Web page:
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MILF ends association of children within their ranks


Sultan Kudarat, PHILIPPINES, 18 February 2017 – The Moro Islamic Liberation Front (MILF) today released children associated with the Bangsamoro Islamic Armed Forces (BIAF) and Bangsamoro Islamic Women’s Auxiliary Brigade (BIWAB), ending the recruitment and use of children within their ranks. It is part of a series of ceremonies that will eventually disengage around 1,858 children who were formally or informally associated with the armed wing of the MILF. The United Nations, through its children’s agency UNICEF, facilitated this process in line with the UN-MILF Action Plan on addressing the recruitment and use of children in armed conflict in Mindanao.

©UNICEF 2017/Jeoffrey Maitem
A boy attends a release ceremony in Sultan Kudarat, Maguindanao, as part of MILF and UNICEF efforts to end the recruitment and use of children in armed conflict. The United Nations, through its children’s agency UNICEF, facilitated this process in line with the UN-MILF Action Plan on addressing the recruitment and use of children in armed conflict.

The UN-MILF Action Plan, signed in 2009 and extended in 2013 signifies the commitment of the MILF to end the recruitment and use of children within their ranks. The progress achieved to date is the result of the commitment and action by the MILF at the highest levels, as well as by front and base commanders. The systematic sensitisation, awareness raising and training initiatives for the BIAF and communities living in core MILF base command areas were essential pre-requisites to achieve a level of understanding and acceptance on the issue of recruitment and use of children.

©UNICEF 2017/Jeoffrey Maitem
UNICEF Philippines Representative Lotta Sylwander speaks at a disengagement ceremony in Sultan Kudarat, Maguindanao. "The release of children from the MILF is only the beginning of the next phase of their youth. The next step is to ensure that these children receive support," she said.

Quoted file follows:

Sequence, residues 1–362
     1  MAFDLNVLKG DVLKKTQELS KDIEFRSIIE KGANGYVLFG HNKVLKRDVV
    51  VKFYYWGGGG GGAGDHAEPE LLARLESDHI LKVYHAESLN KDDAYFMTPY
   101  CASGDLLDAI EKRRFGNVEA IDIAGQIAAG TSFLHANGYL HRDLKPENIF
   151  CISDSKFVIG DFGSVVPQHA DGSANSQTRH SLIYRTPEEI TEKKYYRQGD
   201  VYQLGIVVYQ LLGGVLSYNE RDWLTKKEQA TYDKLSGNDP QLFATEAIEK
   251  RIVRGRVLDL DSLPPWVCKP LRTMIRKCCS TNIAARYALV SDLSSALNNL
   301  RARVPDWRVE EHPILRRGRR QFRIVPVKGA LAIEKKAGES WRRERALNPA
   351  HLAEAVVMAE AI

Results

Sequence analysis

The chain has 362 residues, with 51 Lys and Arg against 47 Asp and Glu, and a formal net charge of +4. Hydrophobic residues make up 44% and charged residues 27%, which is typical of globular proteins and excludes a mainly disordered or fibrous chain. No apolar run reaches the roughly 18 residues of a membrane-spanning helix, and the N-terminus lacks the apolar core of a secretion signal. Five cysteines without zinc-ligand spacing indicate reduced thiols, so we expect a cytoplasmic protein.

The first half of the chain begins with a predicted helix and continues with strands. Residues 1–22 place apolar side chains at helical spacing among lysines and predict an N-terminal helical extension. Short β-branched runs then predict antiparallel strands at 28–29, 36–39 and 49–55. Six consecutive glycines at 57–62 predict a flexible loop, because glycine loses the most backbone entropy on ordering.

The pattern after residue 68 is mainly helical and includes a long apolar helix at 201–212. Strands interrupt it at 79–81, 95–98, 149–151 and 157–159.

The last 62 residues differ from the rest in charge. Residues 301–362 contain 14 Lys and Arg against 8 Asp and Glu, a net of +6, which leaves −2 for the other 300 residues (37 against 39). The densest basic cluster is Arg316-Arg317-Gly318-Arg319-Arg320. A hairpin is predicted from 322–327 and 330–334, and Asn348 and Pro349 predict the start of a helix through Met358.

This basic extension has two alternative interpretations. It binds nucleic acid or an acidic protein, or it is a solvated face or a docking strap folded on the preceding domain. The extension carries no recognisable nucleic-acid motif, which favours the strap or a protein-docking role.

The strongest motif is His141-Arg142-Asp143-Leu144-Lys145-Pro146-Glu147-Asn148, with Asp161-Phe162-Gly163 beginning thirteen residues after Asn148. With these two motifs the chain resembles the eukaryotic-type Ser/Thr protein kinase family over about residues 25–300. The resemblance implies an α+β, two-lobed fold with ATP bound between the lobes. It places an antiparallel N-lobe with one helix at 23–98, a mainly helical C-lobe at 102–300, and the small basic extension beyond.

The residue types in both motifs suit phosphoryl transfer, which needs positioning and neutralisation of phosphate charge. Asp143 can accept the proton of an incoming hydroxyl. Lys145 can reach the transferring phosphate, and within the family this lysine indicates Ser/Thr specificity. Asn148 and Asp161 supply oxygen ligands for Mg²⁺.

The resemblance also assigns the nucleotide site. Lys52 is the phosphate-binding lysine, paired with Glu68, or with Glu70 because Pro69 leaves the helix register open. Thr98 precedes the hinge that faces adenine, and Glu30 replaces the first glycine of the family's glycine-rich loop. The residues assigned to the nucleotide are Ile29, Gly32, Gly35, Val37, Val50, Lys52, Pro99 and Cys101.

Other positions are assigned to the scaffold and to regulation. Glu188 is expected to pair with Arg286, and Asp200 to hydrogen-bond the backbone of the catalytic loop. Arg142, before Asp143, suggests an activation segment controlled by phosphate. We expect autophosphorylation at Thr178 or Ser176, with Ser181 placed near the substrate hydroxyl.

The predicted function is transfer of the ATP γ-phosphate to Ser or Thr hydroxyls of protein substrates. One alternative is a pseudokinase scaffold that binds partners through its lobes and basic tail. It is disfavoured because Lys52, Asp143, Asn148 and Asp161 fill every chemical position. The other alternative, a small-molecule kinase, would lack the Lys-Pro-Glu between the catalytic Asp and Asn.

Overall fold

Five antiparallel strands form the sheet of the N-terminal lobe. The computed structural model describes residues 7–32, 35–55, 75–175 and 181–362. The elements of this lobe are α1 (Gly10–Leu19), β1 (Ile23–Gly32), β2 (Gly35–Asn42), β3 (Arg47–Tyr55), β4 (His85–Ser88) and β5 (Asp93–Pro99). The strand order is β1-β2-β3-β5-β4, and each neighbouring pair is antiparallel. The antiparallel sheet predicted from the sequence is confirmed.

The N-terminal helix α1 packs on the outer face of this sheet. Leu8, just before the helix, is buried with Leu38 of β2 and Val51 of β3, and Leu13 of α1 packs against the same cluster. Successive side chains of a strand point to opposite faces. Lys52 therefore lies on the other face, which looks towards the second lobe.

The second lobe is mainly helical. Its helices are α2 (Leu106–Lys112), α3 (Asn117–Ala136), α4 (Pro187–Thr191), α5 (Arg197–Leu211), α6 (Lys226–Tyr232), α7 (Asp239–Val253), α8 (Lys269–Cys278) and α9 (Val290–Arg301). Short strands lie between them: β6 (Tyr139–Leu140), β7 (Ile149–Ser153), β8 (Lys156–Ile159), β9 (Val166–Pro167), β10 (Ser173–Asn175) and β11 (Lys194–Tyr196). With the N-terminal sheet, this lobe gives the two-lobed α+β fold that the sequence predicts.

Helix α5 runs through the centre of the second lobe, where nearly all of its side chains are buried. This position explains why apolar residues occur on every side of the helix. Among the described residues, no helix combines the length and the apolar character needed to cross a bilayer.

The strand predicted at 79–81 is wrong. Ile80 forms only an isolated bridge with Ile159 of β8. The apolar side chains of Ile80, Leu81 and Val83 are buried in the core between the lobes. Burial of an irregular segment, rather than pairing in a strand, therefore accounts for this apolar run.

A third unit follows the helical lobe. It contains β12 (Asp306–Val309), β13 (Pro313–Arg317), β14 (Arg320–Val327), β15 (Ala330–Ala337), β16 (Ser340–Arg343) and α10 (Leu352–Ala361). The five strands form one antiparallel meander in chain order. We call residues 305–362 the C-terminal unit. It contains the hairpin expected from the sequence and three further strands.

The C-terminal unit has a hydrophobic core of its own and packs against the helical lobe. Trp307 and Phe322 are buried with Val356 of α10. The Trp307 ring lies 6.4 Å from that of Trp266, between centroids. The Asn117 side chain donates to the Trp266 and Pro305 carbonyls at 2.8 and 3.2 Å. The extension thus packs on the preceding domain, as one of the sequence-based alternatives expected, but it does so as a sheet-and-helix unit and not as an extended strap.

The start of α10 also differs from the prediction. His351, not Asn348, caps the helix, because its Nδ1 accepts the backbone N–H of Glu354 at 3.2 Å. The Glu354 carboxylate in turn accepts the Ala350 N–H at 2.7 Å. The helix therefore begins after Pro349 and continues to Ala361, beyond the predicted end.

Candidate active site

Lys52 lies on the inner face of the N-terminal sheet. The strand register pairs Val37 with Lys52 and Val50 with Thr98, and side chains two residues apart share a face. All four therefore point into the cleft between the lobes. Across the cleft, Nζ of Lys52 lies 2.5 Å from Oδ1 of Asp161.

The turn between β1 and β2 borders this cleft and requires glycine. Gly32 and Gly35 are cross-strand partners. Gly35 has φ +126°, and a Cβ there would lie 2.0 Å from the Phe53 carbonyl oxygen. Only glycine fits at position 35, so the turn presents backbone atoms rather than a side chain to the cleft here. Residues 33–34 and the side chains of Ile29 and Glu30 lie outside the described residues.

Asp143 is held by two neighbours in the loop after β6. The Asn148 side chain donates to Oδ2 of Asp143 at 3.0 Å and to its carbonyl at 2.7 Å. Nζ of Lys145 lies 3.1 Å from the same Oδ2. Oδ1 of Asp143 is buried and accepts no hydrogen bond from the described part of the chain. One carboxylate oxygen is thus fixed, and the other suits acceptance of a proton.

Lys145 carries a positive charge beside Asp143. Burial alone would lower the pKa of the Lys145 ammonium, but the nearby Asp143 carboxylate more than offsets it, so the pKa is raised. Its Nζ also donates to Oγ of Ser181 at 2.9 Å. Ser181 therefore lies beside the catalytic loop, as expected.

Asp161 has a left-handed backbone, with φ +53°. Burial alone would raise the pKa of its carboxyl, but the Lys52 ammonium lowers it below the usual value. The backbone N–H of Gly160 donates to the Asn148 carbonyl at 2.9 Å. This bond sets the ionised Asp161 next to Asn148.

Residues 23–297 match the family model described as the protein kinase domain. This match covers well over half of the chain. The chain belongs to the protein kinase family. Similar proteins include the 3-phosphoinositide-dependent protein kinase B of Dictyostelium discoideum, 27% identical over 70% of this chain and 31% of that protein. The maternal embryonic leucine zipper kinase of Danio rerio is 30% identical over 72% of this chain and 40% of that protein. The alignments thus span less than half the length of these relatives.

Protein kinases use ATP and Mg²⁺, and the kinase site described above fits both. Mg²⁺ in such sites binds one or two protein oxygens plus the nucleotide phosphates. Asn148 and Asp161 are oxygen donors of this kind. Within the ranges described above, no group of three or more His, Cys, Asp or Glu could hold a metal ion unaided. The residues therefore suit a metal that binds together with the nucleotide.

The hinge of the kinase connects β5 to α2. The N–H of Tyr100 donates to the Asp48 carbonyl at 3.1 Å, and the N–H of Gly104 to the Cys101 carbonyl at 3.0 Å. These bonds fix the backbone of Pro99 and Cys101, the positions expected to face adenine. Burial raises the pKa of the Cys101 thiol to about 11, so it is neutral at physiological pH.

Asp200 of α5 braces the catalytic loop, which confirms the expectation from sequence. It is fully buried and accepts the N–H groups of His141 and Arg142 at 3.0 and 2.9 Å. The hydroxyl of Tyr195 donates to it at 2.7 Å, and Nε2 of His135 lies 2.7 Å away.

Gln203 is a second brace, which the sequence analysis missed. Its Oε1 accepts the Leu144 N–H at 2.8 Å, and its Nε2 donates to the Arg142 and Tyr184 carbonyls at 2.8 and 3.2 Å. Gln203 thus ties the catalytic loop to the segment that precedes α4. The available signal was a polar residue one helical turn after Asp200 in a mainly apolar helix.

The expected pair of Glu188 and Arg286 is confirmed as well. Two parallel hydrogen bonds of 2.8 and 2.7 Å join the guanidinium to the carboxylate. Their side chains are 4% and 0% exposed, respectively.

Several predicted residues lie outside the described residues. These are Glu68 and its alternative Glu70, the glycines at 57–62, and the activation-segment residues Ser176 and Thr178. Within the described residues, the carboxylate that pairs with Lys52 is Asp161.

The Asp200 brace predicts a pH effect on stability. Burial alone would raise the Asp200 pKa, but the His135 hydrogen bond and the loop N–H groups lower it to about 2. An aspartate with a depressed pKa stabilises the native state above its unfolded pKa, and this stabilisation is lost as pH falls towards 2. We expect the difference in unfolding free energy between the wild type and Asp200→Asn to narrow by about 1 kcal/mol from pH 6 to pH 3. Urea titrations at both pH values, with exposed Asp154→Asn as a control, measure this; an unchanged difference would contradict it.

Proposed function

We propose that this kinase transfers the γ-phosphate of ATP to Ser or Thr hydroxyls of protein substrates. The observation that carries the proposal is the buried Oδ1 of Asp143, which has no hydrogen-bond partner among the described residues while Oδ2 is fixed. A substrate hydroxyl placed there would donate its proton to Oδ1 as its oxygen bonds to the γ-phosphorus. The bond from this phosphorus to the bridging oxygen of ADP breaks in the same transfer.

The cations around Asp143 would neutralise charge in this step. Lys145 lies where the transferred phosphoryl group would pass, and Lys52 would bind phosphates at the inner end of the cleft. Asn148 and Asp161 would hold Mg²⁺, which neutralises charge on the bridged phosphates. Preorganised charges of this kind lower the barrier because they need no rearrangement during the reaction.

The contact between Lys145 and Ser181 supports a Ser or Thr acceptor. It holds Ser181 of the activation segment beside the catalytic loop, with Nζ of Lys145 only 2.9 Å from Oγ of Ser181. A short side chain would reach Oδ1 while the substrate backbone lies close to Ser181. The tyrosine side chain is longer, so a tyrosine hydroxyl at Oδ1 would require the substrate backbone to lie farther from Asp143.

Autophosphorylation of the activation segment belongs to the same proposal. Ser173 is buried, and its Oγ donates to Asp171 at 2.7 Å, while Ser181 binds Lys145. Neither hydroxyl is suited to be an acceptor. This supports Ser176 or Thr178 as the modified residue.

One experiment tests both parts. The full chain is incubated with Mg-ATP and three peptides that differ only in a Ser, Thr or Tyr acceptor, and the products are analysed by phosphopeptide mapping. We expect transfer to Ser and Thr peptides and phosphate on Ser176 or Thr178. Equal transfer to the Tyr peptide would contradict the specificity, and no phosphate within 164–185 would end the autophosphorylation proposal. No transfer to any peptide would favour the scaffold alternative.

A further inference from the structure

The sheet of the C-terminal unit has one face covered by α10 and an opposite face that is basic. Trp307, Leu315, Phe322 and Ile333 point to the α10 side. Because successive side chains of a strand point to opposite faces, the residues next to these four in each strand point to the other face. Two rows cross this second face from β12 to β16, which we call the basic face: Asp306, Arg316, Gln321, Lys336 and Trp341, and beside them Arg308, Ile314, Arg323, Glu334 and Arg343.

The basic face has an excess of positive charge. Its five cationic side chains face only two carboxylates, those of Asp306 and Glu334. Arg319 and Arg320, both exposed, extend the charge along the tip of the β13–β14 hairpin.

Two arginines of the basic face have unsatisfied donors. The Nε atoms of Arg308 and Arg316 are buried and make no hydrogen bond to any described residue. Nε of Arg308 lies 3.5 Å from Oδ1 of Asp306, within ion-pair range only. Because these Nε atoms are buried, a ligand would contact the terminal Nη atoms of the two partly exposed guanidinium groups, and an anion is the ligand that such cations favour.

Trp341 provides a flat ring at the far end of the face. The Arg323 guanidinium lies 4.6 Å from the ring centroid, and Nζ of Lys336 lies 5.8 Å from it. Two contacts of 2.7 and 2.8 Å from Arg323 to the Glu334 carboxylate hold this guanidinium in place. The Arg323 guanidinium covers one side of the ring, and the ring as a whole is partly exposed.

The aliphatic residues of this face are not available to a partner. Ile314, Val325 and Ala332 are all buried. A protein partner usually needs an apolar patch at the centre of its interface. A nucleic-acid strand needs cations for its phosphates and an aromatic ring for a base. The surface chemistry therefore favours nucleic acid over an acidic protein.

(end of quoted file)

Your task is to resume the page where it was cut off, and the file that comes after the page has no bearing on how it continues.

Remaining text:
“Children affected by armed conflict are some of the most vulnerable children in the world. We need not look far, right here in the Philippines children are affected by armed conflict in different ways. They can be recruited as soldiers and engaged in direct combat, or as aides with seriously harmful consequences threatening their life and well-being. Let children be children — let them play, go to school and live healthy and happy,” UNICEF Philippines Representative Lotta Sylwander says.

©UNICEF 2017/Jeoffrey Maitem
Children and community members attend a disengagement ceremony in Sultan Kudarat, Maguindanao. The MILF is bound to institute safeguards through its command structure to regularly monitor and screen troops to prevent children from associating or re-associating.

Fatimah (not her real name), 16 years old, was forced to leave her home because of conflict. She helped out her community by washing the dishes, cooking and cleaning.

“I don’t like it when people fight because children like me get caught in the middle. We get scared when we have to flee. I hope that war will stop so that our communities can live in peace and quiet,” she says.

©UNICEF 2017/Jeoffrey Maitem
All children disengaged from military activities receive a certificate. The disengagement of children associated with the MILF's military groups allows them to receive appropriate support from government and development partners to enjoy all their rights to health, education and protection.

The release of children associated with MILF allows them to receive appropriate support from government and development partners to enjoy all their rights to health, education and protection. The MILF is also bound to institute safeguards through its command structure to regularly monitor and screen troops to prevent children from associating or re-associating.

“The release of children from the MILF is only the beginning of the next phase of their youth. The next step is to ensure that these children receive support. The work to build a lasting peace involves everyone, including the government, the NGO community, private sector, local leaders, elders, parents, and the children themselves,” Sylwander adds.

 

 
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